Jan Fearnley Biography (1965-)
Jan Fearnley worked as a preschool teacher before devoting herself to her first love—writing and illustrating books for children. With dual degrees in early childhood education and graphic art, Fearnley has learned how to entertain young listeners with brightly-colored and engaging tales, many of which feature animals acting like people. The youngest of six children, Fearnley sometimes found herself left behind while her older brothers played together. She entertained herself by drawing and making up stories, and by reading. In an interview for the Year of Reading Web site, the author-illustrator said: "A book can help you deal with emotions or problems, comfort you, make you laugh or move you to tears. They're powerful things. Have you got a favorite old book that you read over and over again, especially when you're feeling down? I rest my case!"
Fearnley broke into publishing with a Christmas story, released in England as Little Robin Red Vest and in America as Little Robin's Christmas. Little Robin has seven warm, red vests—one for each day of the week. But as he sees other animals suffering from the cold, he gives his vests away one by one, until he is the one left shivering in the snow. Santa Claus rides to the rescue, endowing the little bird with a new vest made from a thread from his famous red coat. "Little Robin's unhesitating generosity will also kindle a response in young readers at any time of year," noted John Peters in Booklist.
One of Fearnley's most popular characters is Mr. Wolf, an affable sort who knows how to get a job done. In Mr. Wolf's Pancakes, he cannot seem to get any help from his neighbors—including a snobbish Chicken Little—in his quest to create a batch of warm pancakes. Undaunted, Mr. Wolf sets to work in his kitchen, and when his neighbors smell the tantalizing results, they try to join him in the feast. He turns the tables on them with a comic twist. A Publishers Weekly reviewer felt that youngsters would enjoy Fearnley's "sympathetic wolf and the savory surprise ending." A contributor to Horn Book praised Mr. Wolf as "likably drawn" with a "gentle smile" that belies his quirky appetite.
Mr. Wolf makes another appearance in Mr. Wolf and the Three Bears. This time he is hosting a birthday party for Baby Bear, and Grandma Wolf is providing the feast. The party is on the verge of ruin when Goldilocks crashes it and misbehaves, bringing Baby Bear to tears and ignoring every plea to curb her nastiness. Grandma Wolf solves the problem by forbidding Goldilocks to go into the kitchen—and a short time later, Grandma emerges from that very room, carrying a steaming hot pie. "Fearnley tells the story with enough of a wink and a nod so as not to alarm children," observed Rosalyn Pierini in School Library Journal. A Publishers Weekly reviewer deemed the book "archly hilarious" for Mr. Wolf's "take-no-prisoners approach to etiquette."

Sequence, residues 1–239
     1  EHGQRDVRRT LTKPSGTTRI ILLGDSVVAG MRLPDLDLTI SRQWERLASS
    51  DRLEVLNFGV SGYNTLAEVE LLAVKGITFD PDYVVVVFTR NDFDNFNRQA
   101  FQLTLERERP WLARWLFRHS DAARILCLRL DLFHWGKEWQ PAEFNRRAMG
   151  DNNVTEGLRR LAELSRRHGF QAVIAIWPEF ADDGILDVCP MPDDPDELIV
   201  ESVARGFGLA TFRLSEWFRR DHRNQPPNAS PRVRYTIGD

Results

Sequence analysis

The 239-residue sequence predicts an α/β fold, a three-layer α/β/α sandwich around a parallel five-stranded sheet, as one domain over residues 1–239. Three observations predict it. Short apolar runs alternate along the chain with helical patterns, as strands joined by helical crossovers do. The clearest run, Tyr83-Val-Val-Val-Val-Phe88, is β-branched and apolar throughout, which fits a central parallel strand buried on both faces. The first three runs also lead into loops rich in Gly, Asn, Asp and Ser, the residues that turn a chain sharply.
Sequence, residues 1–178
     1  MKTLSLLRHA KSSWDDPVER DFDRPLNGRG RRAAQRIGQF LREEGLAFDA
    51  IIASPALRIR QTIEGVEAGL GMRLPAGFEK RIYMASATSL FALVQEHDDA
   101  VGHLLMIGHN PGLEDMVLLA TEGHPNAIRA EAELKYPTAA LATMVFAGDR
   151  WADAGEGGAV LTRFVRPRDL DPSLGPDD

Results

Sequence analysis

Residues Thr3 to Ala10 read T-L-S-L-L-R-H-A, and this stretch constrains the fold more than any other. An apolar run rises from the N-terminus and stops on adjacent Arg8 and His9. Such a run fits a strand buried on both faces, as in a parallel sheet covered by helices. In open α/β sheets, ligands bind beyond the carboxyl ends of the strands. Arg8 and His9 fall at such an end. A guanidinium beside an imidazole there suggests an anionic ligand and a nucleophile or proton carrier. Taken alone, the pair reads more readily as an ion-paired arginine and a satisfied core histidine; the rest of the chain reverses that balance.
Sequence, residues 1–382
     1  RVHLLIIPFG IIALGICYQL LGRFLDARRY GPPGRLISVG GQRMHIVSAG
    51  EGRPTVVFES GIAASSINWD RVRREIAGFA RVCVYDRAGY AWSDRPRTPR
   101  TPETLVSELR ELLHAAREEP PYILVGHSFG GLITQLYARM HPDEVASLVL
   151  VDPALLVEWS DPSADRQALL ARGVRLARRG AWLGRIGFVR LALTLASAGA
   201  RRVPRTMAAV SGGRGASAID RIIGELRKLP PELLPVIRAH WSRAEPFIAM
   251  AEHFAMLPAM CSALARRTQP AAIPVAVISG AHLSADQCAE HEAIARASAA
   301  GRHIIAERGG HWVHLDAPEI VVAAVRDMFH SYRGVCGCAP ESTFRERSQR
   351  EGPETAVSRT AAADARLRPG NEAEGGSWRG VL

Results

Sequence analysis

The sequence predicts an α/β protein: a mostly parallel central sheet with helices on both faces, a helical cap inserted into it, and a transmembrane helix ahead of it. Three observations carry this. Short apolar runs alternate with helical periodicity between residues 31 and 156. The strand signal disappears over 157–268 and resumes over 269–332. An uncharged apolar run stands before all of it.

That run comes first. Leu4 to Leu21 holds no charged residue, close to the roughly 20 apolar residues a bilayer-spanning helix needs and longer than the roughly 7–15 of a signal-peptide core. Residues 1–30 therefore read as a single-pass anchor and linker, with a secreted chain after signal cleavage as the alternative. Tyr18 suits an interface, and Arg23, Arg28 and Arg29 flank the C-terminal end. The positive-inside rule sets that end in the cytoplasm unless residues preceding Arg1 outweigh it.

Other Fearnley picture books include Just Like You, A Perfect Day for It, and Billy Tibbles Moves Out! In each story, likable animals provide chances for children to learn important messages about parental guidance, friendship, and sharing. The little mouse in Just Like You wonders what his mother can do for him after seeing and hearing bigger, more powerful animals making promises to their children. Mother mouse assures him that her tiny size does not diminish the amount of love she holds for him. Martha Topol in School Library Journal observed that Fearnley's book "reminds readers of the daily expressions of unconditional love that make their relationship so unique." In A Perfect Day for It, curious animals follow Bear to a mountaintop because he declares it is "a perfect day for it," while not specifying what "it" is. At the top, all the animals receive a great treat. Billy Tibbles, a cat with attitude, finds his comfortable world threatened in Billy Tibbles Moves Out! Told he must share his room with his brother, Billy rebels—until he discovers that a roommate brings rowdy pillowfights and a chance to sleep with Dad. "Kids will immediately connect with Billy Tibbles," maintained Ilene Cooper in Booklist. "Here's a book that gets it all right."
Fearnley lives in England, where her books have sold more than 300,000 copies in the past several years. In her spare time she enjoys walking, cycling, and caring for her Cornish Rex cats.
Biographical and Critical Sources
Booklist, September 15, 1998, John Peters, review of Little Robin's Christmas, p. 236; July, 2001, Cynthia Turnquest, review of Just Like You, p. 2019; February 15, 2004, Ilene Cooper, review of Billy Tibbles Moves Out!, p. 1062.
Horn Book, March, 2000, review of Mr. Wolf's Pancakes, p. 184.
Publishers Weekly, January 10, 2000, review of Mr. Wolf's Pancakes, p. 67; June 12, 2000, review of A Special Something, p. 71; March 25, 2002, review of Mr. Wolf and the Three Bears, p. 62; January 26, 2004, review of Billy Tibbles Moves Out!, p. 252.
School Library Journal, August, 2000, Martha Topol, review of A Special Something, p. 154; April, 2001, Martha Topol, review of Just Like You, p. 108; June, 2002, Rosalyn Pierini, review of Mr. Wolf and the Three Bears, p. 94; December, 2002, Olga R. Kuharets, review of A Perfect Day for It, p. 95; March, 2004, Bina Williams, review of Billy Tibbles Moves Out!, p. 157; April, 2004, Jane Barrer, review of Watch Out!, p. 110.*
David Higham Associates, http://www.davidhigham.co.uk/ (February 3, 2004), "Jan Fearnley."
Hungry Wolf, http://www.hungry-wolf.com/ (June 2, 2004), author's home page.
Year of Reading, http://www.yearofreading.org.uk/reading/writers/fine/ (October 1, 2004), "Jan Fearnley."
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